NEW TO DVD: August 12, 2014

Photo: Walt Disney Studios Motion Pictures

Photo: Walt Disney Studios Motion Pictures

Chris Luckett

This week’s releases on home video: Bears, A Haunted House 2, Locke, and Muppets Most Wanted.


Running Time: 78 mins.
OFRB Rating: G
Narrator: John C. Reilly
Verdict: Reilly effectively narrates the seventh Disneynature documentary, which follows a grizzly mother and her two cubs over the first year of their lives. Unlike last year’s Chimpanzee, which tried too hard to anthropomorphize its subjects, Bears walks a subtler line, tracing shapes of human interactions but leaving most of the movie to exist as a beautiful look at a family of wild animals, struggling to survive. (4 stars out of 5)


Running Time: 86 mins.
OFRB Rating: 14A (coarse language, sexual content)
Starring: Marlon Wayans, Jaime Pressly, Gabriel Iglesias, and Cedric the Entertainer

Verdict: A Haunted House was the second-worst movie of 2013, yet unfathomably, A Haunted House 2 is actually worse. Six-year-olds will find the humour puerile, the movie runs 82 minutes too long, and even “fans” of the original will find nothing to laugh at here. You’d be better off just bashing your head into a wall for an hour and a half. (0 stars out of 5)


Running Time: 85 mins.
OFRB Rating: 14A (coarse language)
Starring: Tom Hardy, Ruth Wilson, Andrew Scott, Olivia Colman, and Ben Daniels

Verdict: Taking place entirely inside a car in real time, as Ivan Locke (Hardy) drives away from his previous life and fields myriad phone calls, Locke is as brave as similar, single-actor-in-a-single-room movies like the Ryan Reynolds vehicle Buried. Unlike Buried, Locke spells out its central mystery in the first half-hour and then slogs along to its end credits with no rising action or climax. It’s an interesting experiment, but once you know why Locke’s driving, where he’s going, and who he’s talking to, there’s not much else to the movie. (3½ stars out of 5)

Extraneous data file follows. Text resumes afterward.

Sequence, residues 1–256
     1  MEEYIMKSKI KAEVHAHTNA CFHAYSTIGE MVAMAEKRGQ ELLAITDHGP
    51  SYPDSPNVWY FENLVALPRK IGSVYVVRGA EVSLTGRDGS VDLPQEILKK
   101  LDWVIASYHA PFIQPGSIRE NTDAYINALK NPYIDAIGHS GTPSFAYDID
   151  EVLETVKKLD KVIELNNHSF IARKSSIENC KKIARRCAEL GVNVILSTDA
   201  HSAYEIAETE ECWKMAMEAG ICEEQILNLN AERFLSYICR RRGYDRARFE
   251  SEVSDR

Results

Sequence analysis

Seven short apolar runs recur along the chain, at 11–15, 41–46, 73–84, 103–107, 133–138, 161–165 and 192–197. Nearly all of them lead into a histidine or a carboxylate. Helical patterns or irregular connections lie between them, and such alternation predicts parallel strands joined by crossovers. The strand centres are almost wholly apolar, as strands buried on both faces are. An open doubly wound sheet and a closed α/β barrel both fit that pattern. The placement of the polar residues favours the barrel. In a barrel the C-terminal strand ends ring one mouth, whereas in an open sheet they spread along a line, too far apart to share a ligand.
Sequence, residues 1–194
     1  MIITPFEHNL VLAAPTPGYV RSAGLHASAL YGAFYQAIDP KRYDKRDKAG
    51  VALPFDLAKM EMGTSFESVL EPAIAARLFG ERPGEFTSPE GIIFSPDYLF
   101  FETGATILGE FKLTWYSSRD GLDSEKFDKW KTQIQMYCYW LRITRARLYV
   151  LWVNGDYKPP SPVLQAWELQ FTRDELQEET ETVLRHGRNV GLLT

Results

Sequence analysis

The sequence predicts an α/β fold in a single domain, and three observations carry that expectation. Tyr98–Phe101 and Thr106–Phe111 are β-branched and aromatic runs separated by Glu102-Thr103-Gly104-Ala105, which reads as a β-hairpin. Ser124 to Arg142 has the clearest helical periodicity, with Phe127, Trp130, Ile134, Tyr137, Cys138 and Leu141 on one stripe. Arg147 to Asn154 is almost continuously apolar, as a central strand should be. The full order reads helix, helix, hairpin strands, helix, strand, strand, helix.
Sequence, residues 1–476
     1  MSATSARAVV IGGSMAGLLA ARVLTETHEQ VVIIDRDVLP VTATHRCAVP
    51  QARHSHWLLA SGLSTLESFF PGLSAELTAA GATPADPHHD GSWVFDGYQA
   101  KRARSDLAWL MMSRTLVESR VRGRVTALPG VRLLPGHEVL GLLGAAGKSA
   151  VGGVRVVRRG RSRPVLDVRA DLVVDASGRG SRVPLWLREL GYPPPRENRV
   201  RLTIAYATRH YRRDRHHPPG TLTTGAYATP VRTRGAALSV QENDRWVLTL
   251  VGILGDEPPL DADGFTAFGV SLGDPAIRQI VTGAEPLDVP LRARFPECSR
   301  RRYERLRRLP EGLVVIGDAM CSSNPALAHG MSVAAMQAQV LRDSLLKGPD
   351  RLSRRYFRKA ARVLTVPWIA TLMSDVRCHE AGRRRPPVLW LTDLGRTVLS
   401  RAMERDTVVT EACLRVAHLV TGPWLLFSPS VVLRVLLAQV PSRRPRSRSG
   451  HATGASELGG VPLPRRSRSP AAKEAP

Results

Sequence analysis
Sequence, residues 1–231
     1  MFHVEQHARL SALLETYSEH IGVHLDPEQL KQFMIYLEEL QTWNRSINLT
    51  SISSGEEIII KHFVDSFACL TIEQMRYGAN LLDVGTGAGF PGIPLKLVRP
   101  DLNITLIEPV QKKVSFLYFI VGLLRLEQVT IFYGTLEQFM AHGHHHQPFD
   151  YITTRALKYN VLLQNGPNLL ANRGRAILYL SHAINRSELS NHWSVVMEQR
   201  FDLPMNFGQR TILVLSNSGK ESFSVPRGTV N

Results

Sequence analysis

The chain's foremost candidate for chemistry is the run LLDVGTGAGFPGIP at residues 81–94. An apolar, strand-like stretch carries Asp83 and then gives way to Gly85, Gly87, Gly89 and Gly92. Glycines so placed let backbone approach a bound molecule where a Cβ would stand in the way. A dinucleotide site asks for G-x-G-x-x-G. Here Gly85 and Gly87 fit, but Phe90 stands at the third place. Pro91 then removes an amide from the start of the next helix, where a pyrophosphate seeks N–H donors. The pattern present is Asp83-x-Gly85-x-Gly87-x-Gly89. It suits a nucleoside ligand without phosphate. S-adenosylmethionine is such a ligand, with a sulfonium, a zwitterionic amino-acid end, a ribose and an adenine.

Running Time: 107 mins.
OFRB Rating: G
Starring: Ricky Gervais, Ty Burrell, Tina Fey, Jemaine Clement, Ray Liotta, Hugh Bonneville, Celine Dion, Stanley Tucci, Danny Trejo, Christoph Waltz, Rob Corddry, Mackenzie Crook, Toby Jones, Tom Hiddleston, Zach Galifianakis, Josh Groban, Tom Hollander, Frank Langella, Usher Raymond, Chloë Grace Moretz, Miranda Richardson, and James McAvoy
Verdict: Muppets Most Wanted tries to beat audiences to the punch by addressing that it will be inferior to 2011’s The Muppets, but its self-deprecation can’t excuse its lazy writing. Some scenes just exist, with no inherent comedy beyond the characters acting in the same way they have for four decades. A plot of bank robberies, mistaken identities, and Siberian gulags may fly over some children’s heads, but the slapstick and goofy jokes will make up for it. Despite the film’s flaws, the cameos are plenty, Gervais and Burrell are quite funny, and a number of the songs are incredibly catchy. It’s not the best Muppet movie, but it’s not the worst either. (3 stars out of 5)